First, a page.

It would be hard to improve upon the National Review’s recent set of essays on why a nomination of Donald Trump by the Republican Party would be a very bad thing for the country. Two reasons stand out. The first is that it would be a concession of the general election to Hillary Clinton, who has pledged, in so many words and barks, to complete the transformation of this country into a centrally-planned socialist state – to put the cherry on top of the Obama cake. The second is that the country, if it found it easier to hold its nose and elect Mr. Trump than to hold its nose and elect Mrs. Clinton, would be empowering a man who has built a campaign on promising to restore America to greatness, but whose plans and policies for doing so remain largely a secret – forcing one to deep-search his past record for clues as to his likely future behavior. That record suggests that he is, at heart, a progressive Democrat with autocratic tendencies.
How has it come to this? Why, after so many outrageous statements, insults, pettiness, acts of self-love, and other mistakes that would have ended anyone else’s campaign, is this man still in the running, indeed holding the lead?
Rush Limbaugh, though not widely regarded as a penetrating analyst, has provided the answer: Trump makes people feel good. His supporters do not care about his views regarding economic growth, negative interest-rates, free markets, tax policy, free trade, foreign policy, national defense, China, Iran, executive orders, ObamaCare, abortion, gay marriage, gun control, environmental issues – in short, with the single exception of immigration policy, they do not give a hoot about the stuff people usually spend an election year arguing about. What they care about is that, despite all the bragging, pouting, and other forms of childish behavior, the essence of Mr. Trump’s appeal is his non-stop promises to make America as strong and respected as it used to be, to kick sand in the faces of our enemies – foreign and domestic. He makes his acolytes feel good. He gives them hope that he will make their lives better. He is a snake oil salesman, and he is leading a cult. The best precedent in American politics for the Trump campaign might be the campaigns of the “Kingfish,” Huey Long, who was elected governor of Louisiana in the 1920s on a populist platform (“every man a king”) that was no more substantive than what Mr. Trump is putting forward.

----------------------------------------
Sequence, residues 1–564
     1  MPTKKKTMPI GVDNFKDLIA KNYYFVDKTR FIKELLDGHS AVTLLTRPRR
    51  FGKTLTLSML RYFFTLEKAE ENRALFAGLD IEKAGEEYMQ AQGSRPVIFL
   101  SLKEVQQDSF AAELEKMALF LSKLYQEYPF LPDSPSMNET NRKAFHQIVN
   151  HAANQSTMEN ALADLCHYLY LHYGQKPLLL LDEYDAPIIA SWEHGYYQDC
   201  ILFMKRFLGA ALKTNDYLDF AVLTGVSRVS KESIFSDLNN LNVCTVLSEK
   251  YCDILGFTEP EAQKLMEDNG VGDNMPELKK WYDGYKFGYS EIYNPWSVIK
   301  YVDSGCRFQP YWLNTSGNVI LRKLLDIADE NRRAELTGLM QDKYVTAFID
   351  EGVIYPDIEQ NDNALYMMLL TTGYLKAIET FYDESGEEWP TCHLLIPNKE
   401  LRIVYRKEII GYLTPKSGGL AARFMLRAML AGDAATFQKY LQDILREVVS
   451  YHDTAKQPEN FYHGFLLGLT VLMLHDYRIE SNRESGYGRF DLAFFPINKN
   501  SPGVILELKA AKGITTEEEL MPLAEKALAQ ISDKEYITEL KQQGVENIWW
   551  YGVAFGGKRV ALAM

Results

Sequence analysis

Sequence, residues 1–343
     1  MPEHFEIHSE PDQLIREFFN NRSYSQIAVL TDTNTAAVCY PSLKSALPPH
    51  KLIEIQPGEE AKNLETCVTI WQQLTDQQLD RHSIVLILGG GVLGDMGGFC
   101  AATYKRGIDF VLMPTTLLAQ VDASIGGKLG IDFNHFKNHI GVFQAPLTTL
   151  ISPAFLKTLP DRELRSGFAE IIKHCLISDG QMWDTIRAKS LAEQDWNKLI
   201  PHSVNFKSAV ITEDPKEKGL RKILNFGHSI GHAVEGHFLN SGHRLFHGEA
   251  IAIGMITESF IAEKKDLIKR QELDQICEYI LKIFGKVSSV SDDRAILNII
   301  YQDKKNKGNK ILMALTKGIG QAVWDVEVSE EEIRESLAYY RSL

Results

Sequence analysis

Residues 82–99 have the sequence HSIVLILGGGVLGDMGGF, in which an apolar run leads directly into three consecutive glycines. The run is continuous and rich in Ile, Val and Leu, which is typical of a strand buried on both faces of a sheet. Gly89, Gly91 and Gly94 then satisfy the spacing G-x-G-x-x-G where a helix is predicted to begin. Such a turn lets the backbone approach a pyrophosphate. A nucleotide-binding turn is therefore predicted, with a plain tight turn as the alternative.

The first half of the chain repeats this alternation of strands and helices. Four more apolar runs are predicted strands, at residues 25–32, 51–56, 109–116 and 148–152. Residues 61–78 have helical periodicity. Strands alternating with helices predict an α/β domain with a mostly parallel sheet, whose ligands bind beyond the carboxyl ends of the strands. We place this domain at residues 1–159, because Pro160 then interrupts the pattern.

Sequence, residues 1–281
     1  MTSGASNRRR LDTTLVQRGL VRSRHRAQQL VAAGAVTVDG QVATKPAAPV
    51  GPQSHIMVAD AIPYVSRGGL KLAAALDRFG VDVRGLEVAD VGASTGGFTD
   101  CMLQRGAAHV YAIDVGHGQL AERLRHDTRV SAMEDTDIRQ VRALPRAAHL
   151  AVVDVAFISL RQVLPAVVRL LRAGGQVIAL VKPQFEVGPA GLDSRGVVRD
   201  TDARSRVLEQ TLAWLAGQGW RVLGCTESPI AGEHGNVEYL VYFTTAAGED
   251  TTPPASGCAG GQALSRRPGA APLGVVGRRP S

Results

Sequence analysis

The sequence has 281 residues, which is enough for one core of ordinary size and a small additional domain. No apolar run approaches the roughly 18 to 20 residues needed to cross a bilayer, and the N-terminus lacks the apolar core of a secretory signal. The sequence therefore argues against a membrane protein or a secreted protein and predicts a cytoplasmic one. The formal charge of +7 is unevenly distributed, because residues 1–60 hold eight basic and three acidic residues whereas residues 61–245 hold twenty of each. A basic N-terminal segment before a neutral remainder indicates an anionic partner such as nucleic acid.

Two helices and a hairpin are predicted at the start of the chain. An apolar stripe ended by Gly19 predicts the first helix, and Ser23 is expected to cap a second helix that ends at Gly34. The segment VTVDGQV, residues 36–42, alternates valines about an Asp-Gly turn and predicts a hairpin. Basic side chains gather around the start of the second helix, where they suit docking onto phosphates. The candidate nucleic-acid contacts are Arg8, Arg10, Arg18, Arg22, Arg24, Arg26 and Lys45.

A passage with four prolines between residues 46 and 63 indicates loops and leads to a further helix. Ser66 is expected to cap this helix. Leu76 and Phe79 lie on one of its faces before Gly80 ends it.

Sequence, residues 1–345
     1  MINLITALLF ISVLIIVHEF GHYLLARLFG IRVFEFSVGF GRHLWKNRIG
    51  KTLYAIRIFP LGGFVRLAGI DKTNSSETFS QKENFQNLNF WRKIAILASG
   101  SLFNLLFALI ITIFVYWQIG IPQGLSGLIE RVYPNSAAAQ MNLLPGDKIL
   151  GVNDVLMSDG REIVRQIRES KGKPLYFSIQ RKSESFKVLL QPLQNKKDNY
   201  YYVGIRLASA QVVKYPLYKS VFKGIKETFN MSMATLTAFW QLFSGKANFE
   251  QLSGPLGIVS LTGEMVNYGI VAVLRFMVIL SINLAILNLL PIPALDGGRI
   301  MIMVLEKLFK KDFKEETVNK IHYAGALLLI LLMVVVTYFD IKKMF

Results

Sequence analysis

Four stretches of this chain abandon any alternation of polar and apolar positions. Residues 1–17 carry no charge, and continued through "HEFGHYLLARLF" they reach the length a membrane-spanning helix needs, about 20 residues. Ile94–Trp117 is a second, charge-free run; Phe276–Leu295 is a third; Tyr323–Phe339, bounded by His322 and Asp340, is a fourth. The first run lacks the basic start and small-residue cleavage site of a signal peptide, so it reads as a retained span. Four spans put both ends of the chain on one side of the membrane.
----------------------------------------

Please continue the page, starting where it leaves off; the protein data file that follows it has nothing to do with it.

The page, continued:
It would be futile for Mr. Trump’s opponents to try to debate the issues with him, because his followers do not care about the issues – and he is smart enough to recognize this and to generally stay away from the issues. Calling him a liar, a hypocrite, a closet Democrat, a bankrupt, an eminent domain-abuser, etc., is equally futile, as he has provided the proof that over 30% of Republican voters would probably vote for an ax murderer who makes them feel good. Short of a competitive alternative, 30% will be enough.
The only way to beat Mr. Trump is for the Republicans to settle on a single alternative candidate who can attract a big enough chunk of the other 70% to snatch the nomination away from Mr. Trump. Most of these guys need to step up and take one for the team, promptly, before they and their country go down in infamy.
Short of that act of statesmanship, nothing can be done. The Trumpies, the 30%, cannot be deprogrammed or given exit counseling. The Trump movement cannot be stopped by rhetoric, debate performances, “ground game,” marketing and media management, etc., no matter how much better than Trump’s. Only Rubio can stop him, and even he cannot do it unless Cruz withdraws (fat chance) or both Kasich and Carson withdraw. Practically speaking, time is short – is it already too late?